I'm piling on here, too. I am in complete agreement with all of Medsen's comments -- I would only add even more emphasis on the lack of any need to heat or boil anything in your recipe. Heating or boiling honey to "pasteurize" it is totally unnecessary, since the organisms that can tolerate the harsh environment of undiluted honey (and there are very few) are unable to survive in your diluted must, so mixing your must straight from room temperature honey using slightly warm water (only warm enough to assist the honey in dissolving) is all that you need or want to do. Honey contains many volatile aromatics that are driven off when it is heated -- and that will take aroma and flavor away from your mead.

05-18-2008, 05:30 PM
Ditto the others remarks.

Oh and I know that "they" say that EC-1118 will do 18% ABV, but I understand that if you manage it carefully you can push it too over 20%.

The only downside with that, would probably be that the mead, to use Ken Schramms' analogy, would taste like listerine! Well that's not necessarily a problem but it's probable that you'd only cure if with a damn good "ageing too" :D

My first one came out like that, it took about 18 months to become drinkable.

Just my 2 cents worth.



05-18-2008, 06:06 PM
Well, I am done with my first 5 gal. and am waiting for it to cool so I can pitch the yeast. I went and got some Wyeast 4184 for sweet mead. 11% alcohol. Ran out of time to make the other 5 gallons. Sounds like a good project for next Sunday. After reading everyones advice (and utilizing the advice), I think I will be very happy with the results. Medsen Fey, Liff, Wayneb, fatbloke Thanks, you guys are the best!

Medsen Fey
05-18-2008, 06:21 PM
That Wyeast sweet mead strain is notorious for causing difficulty. It is finicky and may produce stuck fermentations. If you are using it, provide plenty of nutrients, aerate the must well, and if you can, watch the pH, and be prepared to add some potassium bicarbonate if you see it drop below 3.4. The activated dry yeasts with moderate alcohol tolerance are much more reliable as a rule.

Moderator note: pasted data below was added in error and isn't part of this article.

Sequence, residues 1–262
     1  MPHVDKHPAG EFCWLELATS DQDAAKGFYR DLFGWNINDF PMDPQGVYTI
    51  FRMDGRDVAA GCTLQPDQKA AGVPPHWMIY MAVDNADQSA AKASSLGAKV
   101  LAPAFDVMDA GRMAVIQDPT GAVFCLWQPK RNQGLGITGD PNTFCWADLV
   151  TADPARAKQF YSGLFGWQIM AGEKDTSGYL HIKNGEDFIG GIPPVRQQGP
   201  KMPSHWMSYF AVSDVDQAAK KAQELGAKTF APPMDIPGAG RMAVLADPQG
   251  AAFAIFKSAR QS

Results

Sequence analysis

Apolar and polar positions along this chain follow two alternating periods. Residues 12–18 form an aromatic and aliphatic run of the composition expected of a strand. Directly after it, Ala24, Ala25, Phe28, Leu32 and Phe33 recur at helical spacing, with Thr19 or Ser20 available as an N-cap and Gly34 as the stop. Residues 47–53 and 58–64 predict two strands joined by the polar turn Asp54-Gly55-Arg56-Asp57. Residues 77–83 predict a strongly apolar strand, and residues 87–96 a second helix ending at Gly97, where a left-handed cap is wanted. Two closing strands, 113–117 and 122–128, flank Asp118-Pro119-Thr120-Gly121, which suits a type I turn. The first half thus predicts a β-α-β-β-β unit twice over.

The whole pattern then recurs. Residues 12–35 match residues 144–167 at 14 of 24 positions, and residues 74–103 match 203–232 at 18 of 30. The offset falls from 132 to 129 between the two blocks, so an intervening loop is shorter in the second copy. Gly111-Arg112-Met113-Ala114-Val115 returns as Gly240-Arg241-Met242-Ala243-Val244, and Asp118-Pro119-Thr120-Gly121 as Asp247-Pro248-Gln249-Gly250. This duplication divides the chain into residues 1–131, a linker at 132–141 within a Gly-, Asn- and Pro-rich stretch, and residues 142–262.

I know we are making this sound complicated, but compared to beer brewing, mead actually requires very little intervention - it mostly needs patience (always the hardest ingredient to find). ;)

Good meading!

05-19-2008, 08:47 PM
Ditto on that bit... I used that yeast a while ago in some JAO and had problems getting it to ferment all the way out. Just make sure you aerate and use nutrient to help get the best results possible.

05-21-2008, 06:47 AM
Well, I am alittle late getting back but here is what I have done. After cooling, I added the Wyeast 4184 for sweet mead. 11% alcohol as stated earlier. 24 hours went by and no fermentation was obvious. I went back to the LHBS and purchased some Lalvin ICV-D47 with an alcohol tolerance of 12-14%. (This time I did not use the advice of the LHBS). Within 5 minutes of adding the dry yeast, (no exaggeration) I had fermentation bubbles. 2 days later, no problems so far. Guess I will have a higher alcohol content than I was shooting for with this new yeast. I will backsweeten after fermentation and clearing as suggested.......deenis

Medsen Fey
05-21-2008, 11:49 AM
I strongly suspect that the bubbling that you noticed 5 minutes after pitching the D47 was actually CO2 being released from the solution that had been produced by the sweet mead yeast. When you stir or aerate a batch, the fizzing that you see is sometimes the first sign that things are actually going. In any case, your batch is off and running and I hope it tastes great!

05-24-2008, 10:17 AM
Well if you used 15lb of honey into 5 gallons deenis, then with D47, I doubt that you'll need to back sweeten. You'd get a similar result with 71B, but it might taste a little different because of the yeast.

Either way, it sound's like it's "up 'n runnin'". You should get a result of some sort, even if it's not quite what you'd hoped for.

So, if it doesn't actually turn out how you expect, you can just "bulk store" it and see how the flavour develops. My early attempts tasted pretty much as Ken Schramm suggested in his book (listerine/blleeeaaaarrrrrgggggghhhhhhh), but 6 months plus ageing worked miracles on them. I was very pleased with the eventual outcome.

Good luck.